“The Revenge of the Green Dragons” released by A24 Films and out today is a vibrant film.

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The film was directed by Andrew Lau and Andrew Loo and has an executive producer list including Art Spigel, Martin Scorsse, Alan Pao and Corey Large. The screenplay was done by Michael Di Jiacomo and Andrew Loo. The film is vibrant, but not like a Pixar film or Disney classic is vibrant. No, this is vibrant in the gritty details and unadorned, unapproachable take on violence. The language moves from lively, powerful Chinese to teeth-gritting English, with a range of expletives and curses that appeal to both cultures. The story recounts a New York City Asian-American street gang and it’s internal (and rarely, external) issues, dealing with drugs, trust-issues, violence and timid (and short) romance.

The violence is highly detailed, slow, painful and gruesome. Those scenes move sluggishly off the screen, almost having the viewer dwell on the sick reality. The romantic scenes are short and simple interactions, the focus is on the greater gang, which is in effect the reality for any given gang member- support the team or die, literally. The uninhibited tendencies of the gang to do their worst- usually resorting to a highly visual death is hard to get used to even late into the film, and the use of the children experiencing the violence makes sense (a hardening, briefly) but seems overstepping in its unforgiving detail. Sounds are hyper-detailed as well.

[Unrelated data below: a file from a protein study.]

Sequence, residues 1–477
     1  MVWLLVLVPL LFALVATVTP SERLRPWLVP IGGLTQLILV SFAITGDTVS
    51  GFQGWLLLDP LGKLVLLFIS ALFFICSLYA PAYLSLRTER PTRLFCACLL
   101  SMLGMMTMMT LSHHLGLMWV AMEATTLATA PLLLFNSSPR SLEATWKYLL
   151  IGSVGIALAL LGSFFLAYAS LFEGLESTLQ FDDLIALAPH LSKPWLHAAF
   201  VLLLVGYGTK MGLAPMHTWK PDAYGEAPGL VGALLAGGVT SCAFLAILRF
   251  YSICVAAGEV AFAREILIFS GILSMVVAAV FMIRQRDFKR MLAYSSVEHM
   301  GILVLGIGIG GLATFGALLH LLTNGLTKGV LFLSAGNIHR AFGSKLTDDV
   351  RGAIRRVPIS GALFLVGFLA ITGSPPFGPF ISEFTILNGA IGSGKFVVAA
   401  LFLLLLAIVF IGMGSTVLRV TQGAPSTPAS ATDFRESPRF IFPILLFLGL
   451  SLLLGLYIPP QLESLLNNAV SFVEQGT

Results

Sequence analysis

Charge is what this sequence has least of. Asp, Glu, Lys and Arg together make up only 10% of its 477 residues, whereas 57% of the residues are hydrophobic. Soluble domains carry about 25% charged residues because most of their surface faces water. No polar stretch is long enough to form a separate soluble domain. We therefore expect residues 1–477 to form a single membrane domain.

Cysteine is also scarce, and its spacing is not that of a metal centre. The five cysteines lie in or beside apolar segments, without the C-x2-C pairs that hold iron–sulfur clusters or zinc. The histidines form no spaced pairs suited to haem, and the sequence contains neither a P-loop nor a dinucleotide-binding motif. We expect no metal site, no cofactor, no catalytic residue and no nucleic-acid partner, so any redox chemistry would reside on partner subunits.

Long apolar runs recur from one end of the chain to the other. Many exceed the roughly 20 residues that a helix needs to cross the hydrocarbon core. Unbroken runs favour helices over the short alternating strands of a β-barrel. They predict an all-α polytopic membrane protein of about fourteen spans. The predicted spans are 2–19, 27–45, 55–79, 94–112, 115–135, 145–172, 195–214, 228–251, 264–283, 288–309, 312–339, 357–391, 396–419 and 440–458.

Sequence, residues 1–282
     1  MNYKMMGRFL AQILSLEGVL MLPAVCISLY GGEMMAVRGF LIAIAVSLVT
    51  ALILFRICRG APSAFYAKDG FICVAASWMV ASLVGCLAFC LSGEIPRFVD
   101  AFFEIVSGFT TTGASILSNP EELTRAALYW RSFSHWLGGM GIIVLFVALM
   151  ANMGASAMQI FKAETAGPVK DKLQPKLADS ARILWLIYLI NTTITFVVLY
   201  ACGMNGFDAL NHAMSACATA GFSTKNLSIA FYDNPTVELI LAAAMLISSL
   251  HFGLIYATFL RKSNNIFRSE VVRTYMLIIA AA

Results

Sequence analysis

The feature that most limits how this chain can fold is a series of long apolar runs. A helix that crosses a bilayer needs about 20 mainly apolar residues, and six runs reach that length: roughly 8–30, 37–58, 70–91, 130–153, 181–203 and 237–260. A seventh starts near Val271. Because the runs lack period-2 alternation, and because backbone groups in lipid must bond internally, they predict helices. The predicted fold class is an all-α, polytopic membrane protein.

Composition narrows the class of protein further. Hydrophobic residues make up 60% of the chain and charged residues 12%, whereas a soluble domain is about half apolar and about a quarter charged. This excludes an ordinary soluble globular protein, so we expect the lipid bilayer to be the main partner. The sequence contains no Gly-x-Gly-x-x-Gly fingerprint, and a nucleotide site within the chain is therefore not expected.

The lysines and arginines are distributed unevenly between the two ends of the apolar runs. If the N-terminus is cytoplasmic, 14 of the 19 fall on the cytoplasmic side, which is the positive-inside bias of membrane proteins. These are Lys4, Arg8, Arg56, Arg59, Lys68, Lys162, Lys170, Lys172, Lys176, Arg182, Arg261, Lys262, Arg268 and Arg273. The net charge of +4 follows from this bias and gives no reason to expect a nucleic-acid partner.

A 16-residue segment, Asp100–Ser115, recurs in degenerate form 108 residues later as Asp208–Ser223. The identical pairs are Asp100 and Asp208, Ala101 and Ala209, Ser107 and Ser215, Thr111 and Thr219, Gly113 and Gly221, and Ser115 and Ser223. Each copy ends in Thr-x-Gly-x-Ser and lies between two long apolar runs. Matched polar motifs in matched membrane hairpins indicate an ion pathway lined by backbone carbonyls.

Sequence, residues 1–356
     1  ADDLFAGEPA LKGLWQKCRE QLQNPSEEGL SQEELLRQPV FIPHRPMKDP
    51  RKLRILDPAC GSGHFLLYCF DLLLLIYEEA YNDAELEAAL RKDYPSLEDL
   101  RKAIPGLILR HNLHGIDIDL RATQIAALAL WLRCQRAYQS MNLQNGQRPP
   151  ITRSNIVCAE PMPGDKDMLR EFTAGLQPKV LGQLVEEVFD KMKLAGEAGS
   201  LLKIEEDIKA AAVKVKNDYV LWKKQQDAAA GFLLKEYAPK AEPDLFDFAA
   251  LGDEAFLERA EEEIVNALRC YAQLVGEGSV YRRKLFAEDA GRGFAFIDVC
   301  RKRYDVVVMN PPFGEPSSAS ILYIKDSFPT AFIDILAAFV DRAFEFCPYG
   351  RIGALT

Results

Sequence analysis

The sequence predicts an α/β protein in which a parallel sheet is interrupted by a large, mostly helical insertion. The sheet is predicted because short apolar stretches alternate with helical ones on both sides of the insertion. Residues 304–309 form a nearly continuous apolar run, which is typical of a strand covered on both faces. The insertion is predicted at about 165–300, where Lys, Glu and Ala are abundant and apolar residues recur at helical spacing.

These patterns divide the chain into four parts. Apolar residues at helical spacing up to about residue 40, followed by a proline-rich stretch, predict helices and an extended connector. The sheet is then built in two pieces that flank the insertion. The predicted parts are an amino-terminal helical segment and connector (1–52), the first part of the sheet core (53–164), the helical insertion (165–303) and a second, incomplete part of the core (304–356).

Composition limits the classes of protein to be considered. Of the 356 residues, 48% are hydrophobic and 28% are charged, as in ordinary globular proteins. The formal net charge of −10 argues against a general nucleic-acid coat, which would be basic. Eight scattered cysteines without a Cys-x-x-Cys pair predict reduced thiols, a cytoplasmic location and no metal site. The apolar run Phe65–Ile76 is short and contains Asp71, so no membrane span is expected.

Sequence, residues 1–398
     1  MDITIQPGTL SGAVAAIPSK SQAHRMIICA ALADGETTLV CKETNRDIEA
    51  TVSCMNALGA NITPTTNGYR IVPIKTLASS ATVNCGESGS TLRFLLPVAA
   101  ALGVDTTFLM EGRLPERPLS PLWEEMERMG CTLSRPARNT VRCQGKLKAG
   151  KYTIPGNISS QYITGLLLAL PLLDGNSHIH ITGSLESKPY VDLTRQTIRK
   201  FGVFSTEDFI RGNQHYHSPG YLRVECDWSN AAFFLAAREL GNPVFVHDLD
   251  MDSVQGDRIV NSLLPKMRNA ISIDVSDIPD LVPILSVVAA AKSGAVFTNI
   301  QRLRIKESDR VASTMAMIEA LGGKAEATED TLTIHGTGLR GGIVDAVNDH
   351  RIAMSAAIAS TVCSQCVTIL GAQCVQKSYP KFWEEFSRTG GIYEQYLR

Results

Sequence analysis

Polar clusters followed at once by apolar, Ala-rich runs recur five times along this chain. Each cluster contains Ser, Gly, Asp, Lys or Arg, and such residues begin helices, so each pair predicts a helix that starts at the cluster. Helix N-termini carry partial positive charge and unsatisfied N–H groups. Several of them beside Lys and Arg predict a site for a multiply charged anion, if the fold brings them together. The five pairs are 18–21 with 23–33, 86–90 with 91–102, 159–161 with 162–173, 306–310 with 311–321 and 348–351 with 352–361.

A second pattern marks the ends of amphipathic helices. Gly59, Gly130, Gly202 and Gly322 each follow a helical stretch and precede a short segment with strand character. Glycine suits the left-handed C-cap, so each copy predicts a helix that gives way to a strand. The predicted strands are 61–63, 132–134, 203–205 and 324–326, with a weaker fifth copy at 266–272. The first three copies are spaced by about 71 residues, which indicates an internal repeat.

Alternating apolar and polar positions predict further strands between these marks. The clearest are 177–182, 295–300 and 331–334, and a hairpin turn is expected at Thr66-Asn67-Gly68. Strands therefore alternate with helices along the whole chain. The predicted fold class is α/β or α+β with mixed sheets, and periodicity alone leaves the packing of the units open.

The whole thing is powerful and crude. And for what? Well, a representation of a true crime story, actually (and perhaps unfortunately). Characters depicted still exist and are (at the time) have whereabouts unknown. On a much lighter note, after politics and brutal dealings, the story of the American dream rises to the top. One in which one either stays where they are (in this case, China), work hard and never get ahead, or come to America, work just as hard, and have a shot at getting something better. It’s a comforting thought that could have been accented more tastefully. The film stars Ray Liotta, Justin Chon, Shuya Change, Harry Shum, Jr. Kevin Wu and Billy Magnussen.

-Benjamin Schmidt